Attorney General Cuomo Sues Ernst & Young For Assisting Lehman Brothers In Financial Fraud
NEW YORK, N.Y. (December 21, 2010) - Attorney General Andrew M. Cuomotoday filed a Martin Act lawsuit against Ernst & Young LLP ("E&Y"),charging the accounting firm with helping Lehman Brothers Holding, Inc.("Lehman") engage in an accounting fraud involving the surreptitious removal of tens of billions of dollars of fixed income securities from Lehman's balance sheet in order to deceive the public about Lehman'strue liquidity condition.
The Attorney General's lawsuit claims that for more than seven years leading up to Lehman's bankruptcy filing in September 2008, Lehman hadengaged in so-called "Repo 105" transactions, explicitly approved by E&Y. The transactions purpose was to temporarily park highly liquid,fixed-income securities with European banks for the sole purpose of reducing Lehman's financial statement leverage, an important financial metric for investors, stock analysts, lenders, and others interested in Lehman.
"This practice was a house-of-cards business model designed to hidebillions in liabilities in the years before Lehman collapsed,'saidAttorney General Cuomo. "Just as troubling, a global accounting firm,tasked with auditing Lehman's financial statements, helped hide thiscrucial information from the investing public. Our lawsuit seeks torecover the fees collected by Ernst & Young while it was supposed to beusing accountable, honest measures to protect the public."
Specifically, Repo 105 transactions involved transfers by Lehman offixed income securities to European counterparties in return for cash -often at the end of a financial quarter - with the binding understandingthat Lehman would shortly repurchase the equivalent securities fromthese counterparties only a few days later for more money. Lehman thenused the cash to pay down liabilities and improve its leverage andbalance sheet metrics, while failing to disclose to the investing publicthe obligation to repurchase the securities at a higher price. Lehmandid so, with E&Y's explicit approval, by characterizing thesefinancing transactions as "sales." Indeed, the sole purpose ofcharacterizing these transactions as "sales" was to reduceLehman's leverage on its financial statements and public filings,thereby deceiving the investing public.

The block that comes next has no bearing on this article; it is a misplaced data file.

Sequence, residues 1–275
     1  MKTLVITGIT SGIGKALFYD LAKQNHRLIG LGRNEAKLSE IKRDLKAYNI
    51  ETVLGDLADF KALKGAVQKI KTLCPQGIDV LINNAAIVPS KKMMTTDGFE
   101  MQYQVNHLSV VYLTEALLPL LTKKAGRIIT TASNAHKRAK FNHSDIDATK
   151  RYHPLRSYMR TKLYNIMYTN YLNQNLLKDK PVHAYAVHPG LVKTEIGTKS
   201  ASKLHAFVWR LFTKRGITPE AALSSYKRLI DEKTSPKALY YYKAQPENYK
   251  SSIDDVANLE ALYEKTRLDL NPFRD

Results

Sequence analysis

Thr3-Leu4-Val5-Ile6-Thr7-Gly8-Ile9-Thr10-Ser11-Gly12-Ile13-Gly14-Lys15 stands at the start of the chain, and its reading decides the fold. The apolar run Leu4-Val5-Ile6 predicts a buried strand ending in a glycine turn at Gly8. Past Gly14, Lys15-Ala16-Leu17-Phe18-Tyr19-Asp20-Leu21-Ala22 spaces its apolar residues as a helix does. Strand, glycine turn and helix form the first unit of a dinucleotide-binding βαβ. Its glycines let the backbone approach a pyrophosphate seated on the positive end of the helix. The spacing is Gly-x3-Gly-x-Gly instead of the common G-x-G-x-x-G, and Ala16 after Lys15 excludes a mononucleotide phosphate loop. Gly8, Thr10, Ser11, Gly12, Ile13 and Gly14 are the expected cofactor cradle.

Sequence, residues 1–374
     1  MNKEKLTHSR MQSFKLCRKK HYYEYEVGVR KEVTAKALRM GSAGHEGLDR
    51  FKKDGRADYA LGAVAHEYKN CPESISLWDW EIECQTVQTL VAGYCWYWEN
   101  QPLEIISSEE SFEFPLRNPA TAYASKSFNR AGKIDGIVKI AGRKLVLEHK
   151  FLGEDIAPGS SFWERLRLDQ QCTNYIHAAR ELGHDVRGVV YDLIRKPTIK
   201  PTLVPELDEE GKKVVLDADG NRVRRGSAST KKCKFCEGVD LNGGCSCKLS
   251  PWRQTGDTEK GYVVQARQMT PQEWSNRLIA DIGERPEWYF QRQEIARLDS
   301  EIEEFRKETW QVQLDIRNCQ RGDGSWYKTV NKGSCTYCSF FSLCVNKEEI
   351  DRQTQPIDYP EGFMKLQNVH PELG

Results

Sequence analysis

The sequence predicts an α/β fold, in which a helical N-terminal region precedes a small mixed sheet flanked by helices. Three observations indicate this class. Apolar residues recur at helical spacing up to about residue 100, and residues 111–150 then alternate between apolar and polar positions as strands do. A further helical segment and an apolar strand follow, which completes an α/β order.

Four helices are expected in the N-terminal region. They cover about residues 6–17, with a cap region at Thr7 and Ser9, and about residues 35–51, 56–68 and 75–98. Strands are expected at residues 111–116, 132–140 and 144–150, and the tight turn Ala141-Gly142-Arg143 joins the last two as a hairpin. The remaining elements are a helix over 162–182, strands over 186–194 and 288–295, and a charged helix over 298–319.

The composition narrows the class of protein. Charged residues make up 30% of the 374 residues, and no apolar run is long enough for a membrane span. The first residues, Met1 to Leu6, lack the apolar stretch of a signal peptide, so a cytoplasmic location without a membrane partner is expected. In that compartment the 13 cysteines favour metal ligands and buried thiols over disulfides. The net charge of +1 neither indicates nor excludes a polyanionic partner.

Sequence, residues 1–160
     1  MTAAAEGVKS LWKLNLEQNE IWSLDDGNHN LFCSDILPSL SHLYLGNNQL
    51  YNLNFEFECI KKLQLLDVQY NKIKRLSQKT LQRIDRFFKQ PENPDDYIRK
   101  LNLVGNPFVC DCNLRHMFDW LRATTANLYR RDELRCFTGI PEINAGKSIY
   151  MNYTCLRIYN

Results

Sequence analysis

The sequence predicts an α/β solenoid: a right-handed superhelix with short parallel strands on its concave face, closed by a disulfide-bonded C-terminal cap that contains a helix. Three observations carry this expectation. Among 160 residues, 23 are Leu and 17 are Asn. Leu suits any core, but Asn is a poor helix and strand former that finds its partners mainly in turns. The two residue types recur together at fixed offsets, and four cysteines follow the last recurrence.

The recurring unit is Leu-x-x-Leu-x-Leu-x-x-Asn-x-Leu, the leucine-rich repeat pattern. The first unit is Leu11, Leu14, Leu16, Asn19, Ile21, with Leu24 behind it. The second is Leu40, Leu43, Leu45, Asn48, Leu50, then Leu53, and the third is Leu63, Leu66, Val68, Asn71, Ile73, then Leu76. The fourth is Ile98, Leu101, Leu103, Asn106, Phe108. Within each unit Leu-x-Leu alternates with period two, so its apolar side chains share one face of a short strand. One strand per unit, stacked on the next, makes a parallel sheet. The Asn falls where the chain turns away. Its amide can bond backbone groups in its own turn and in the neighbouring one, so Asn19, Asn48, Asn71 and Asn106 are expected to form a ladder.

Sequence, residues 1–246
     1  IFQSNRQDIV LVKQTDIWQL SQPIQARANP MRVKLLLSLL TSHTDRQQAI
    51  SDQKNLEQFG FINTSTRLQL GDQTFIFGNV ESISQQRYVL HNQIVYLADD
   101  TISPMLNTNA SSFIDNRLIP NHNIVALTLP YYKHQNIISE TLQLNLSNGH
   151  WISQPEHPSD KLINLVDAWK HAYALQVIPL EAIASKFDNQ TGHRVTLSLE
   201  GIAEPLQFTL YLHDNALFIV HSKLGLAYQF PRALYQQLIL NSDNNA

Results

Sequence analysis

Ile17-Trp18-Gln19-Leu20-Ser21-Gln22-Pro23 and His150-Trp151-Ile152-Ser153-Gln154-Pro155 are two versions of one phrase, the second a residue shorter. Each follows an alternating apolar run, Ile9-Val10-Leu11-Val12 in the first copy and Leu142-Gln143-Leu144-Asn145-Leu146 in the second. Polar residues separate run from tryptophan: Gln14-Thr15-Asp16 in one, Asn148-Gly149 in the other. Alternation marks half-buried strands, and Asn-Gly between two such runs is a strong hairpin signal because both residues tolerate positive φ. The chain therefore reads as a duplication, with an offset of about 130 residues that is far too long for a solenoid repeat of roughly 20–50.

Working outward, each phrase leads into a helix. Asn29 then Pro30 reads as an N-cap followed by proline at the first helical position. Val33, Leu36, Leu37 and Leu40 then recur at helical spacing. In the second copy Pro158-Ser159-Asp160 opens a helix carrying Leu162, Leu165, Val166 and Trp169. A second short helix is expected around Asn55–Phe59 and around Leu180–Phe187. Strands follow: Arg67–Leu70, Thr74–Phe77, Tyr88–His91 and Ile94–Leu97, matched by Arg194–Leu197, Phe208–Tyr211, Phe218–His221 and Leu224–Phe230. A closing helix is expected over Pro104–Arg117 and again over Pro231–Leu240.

The complaint, filed in New York Supreme Court, alleges that E&Y wasfully aware of Lehman's fraudulent Repo 105 transactions, specificallyapproved of Lehman's use of them, and gave Lehman an unqualified auditopinion every year from 2001 to 2007, despite knowing that theyconcealed the Repo 105 transactions. Further, the lawsuit alleges thatin 2007 and early 2008, when Lehman was facing demands to reduce itsleverage, Lehman rapidly accelerated its use of Repo 105 transactions,removing up to $50 billion from its balance sheet on a quarterly basiswithout disclosing the use of the Repo 105 transactions.
The complaint also alleges that E&Y failed to object when Lehman misledanalysts on its quarterly earnings calls regarding its leverage ratios,and that E&Y did not inform Lehman's Audit Committee about ahighly-placed whistleblower's concerns about Lehman's use of Repo105 transactions.
The Attorney General seeks the return of the entirety of fees E&Ycollected for work performed for Lehman between 2001 and 2008, exceeding$150 million, plus investor damages and equitable relief.
A copy of the lawsuit can be found at www.ag.ny.gov/media_center/2010/dec/ErnstYoungComplaint.pdf.
The investigation was conducted by Senior Trial Counsel David N.Ellenhorn and Assistant Attorney General Armen Morian under thesupervision of Executive Deputy Attorney General Maria T. Vullo andDeputy Attorney General Michael Berlin.
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